The first lesson any business person should adhere to is protect yourself and your family. Unfortunately, most businesses start off haphazardly and either by design, or default, operate as sole proprietorships. By definition, a sole proprietor is someone who is in business as the sole owner himself or herself. While proprietorships are the simplest form of business, easiest to start, do not require any particular formality, and allow the owner to be king or queen of their business, the down-side risk is unlimited personal liability. The only thing worse than a sole proprietorship is a general partnership. A partnership is created when two or more people come together in the common pursuit of a business.
Like proprietorships, they do not have any formal requirements, however, any time there are multiple owners a business should have a written agreement to delineate their respective ownership interests, responsibilities, compensation, authority, voting rights and contingencies for death, disability, termination, etc… Otherwise, the owners are deemed to be equal in all respects. In a general partnership, not only is each partner subject to unlimited personal liability for anything and everything they do or fail to do, they likewise have unlimited personal liability for anything and everything each and every one of their partners does or fails to do. Both proprietorships and general partnerships are completely unacceptable entity choices in today’s business and legal environment.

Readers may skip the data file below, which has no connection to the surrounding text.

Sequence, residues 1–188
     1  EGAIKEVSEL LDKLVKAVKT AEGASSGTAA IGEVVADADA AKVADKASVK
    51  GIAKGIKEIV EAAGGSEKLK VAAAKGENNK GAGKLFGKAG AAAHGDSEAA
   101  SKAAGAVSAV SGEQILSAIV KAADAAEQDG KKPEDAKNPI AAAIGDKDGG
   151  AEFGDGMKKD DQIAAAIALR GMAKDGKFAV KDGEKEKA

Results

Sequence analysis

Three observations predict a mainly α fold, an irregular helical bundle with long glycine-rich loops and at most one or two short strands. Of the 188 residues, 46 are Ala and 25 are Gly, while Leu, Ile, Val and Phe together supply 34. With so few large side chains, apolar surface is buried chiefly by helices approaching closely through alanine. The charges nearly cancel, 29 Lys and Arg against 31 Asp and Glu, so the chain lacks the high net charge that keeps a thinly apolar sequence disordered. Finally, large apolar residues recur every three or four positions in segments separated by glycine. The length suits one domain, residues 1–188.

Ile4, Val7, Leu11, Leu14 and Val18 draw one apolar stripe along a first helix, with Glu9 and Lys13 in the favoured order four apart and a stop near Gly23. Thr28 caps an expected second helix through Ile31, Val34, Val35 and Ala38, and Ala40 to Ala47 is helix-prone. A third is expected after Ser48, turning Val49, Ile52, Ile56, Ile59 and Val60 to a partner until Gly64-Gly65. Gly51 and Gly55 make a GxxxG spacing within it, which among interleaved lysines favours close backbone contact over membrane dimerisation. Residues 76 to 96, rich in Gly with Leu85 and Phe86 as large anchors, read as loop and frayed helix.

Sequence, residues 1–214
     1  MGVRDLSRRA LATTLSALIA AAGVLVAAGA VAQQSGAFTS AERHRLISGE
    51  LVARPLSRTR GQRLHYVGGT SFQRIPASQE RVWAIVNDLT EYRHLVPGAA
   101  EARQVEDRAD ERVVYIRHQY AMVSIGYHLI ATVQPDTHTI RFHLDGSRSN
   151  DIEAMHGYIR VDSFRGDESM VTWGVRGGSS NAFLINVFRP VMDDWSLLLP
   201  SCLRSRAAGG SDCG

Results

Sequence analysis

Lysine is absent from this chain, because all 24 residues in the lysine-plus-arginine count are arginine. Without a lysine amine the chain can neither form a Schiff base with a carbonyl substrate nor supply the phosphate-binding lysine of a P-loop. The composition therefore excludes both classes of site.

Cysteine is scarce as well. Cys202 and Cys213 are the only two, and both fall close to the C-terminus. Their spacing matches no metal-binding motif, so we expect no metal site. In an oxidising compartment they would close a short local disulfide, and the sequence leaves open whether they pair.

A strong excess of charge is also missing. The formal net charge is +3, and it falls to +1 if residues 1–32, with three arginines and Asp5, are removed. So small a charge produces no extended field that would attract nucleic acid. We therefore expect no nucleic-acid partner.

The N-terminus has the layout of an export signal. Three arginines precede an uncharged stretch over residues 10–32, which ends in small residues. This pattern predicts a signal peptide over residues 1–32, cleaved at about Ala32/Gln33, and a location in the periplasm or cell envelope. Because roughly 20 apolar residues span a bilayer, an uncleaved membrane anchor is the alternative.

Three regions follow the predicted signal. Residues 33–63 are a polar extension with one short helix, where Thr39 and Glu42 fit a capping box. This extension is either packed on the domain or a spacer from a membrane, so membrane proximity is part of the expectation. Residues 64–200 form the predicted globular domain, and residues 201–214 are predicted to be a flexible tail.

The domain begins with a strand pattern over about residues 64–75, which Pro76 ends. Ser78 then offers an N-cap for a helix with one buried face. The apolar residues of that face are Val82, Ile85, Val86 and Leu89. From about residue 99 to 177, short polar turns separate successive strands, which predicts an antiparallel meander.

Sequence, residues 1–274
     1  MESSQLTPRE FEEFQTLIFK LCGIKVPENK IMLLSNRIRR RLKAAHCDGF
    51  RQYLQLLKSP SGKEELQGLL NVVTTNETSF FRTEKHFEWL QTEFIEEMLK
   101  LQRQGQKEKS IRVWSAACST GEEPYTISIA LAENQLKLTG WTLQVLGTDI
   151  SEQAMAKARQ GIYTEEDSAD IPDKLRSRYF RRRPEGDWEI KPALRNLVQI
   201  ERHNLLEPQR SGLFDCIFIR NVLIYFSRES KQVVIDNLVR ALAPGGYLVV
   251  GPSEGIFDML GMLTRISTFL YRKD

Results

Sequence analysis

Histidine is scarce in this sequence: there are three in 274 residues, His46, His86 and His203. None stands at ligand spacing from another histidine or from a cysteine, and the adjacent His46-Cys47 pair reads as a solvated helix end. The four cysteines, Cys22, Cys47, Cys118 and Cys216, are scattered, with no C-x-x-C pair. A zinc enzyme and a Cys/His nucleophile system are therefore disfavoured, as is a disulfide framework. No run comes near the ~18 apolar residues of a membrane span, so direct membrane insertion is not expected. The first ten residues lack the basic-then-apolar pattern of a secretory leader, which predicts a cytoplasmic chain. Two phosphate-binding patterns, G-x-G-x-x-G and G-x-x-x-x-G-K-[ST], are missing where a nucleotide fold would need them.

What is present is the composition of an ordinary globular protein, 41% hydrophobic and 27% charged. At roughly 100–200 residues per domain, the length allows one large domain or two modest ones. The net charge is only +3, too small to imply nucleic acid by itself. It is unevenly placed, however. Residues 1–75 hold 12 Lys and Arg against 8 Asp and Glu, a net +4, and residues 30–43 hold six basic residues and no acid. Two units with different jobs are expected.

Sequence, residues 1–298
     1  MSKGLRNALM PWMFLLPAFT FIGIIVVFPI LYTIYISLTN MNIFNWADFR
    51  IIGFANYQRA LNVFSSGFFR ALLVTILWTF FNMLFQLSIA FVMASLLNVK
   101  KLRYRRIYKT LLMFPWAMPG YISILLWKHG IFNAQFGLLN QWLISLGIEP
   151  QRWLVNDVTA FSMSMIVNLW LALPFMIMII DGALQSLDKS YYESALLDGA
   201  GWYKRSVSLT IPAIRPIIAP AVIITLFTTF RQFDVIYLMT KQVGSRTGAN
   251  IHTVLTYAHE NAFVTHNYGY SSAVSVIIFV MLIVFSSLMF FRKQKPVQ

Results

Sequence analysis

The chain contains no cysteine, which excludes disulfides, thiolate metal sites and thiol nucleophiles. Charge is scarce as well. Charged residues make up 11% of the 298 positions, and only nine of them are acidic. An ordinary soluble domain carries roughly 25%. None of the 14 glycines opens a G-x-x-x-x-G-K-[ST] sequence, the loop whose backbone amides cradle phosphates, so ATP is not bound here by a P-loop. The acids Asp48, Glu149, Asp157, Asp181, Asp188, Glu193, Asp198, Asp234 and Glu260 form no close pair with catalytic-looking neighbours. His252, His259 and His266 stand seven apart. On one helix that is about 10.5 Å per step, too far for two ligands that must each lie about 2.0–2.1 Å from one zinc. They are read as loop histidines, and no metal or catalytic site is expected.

Thankfully, there are alternatives which can protect business owners. Corporations have been around long before the founding of our country and provide excellent protection from virtually all business risks. Corporations enjoy what is known as limited liability protection for its owners (shareholders). A trade-off is adhering to certain formalities, including the requirement of filing articles of incorporation with the State, obtaining a corporate seal, issuing stock certificates to each of the shareholders evidencing their ownership interests, advertising in both the general circulation newspaper and applicable county bar journal, holding annual meetings of the shareholders and directors, etc… Additional formalities include the use of a corporate designator in the formal name (corporation, incorporated, company, limited or the applicable abbreviation) and segregation of corporate funds from personal monies.
Limited liability companies are the newest alternative. Though they have only been recognized in Pennsylvania since 1994, they have become the entity of choice for businesses seeking to protect their owners from personal liability. While they too require filing formal articles of formation with the State, they are not technically subject to the seal, stock certificate, advertising, or annual meeting requirements. They do share the fundamental requirement of using the proper designator, such as LLC, and are likewise subject to the prohibition on co‑mingling monies.
Adhering to the appropriate formalities and maintaining a reasonable business ethical standard, corporations and limited liability companies will generally protect their owners from personal liability exposure. Selecting between the two is best left to accountants and tax advisors, however, without a doubt, each is a better alternative than sole proprietorships and general partnerships.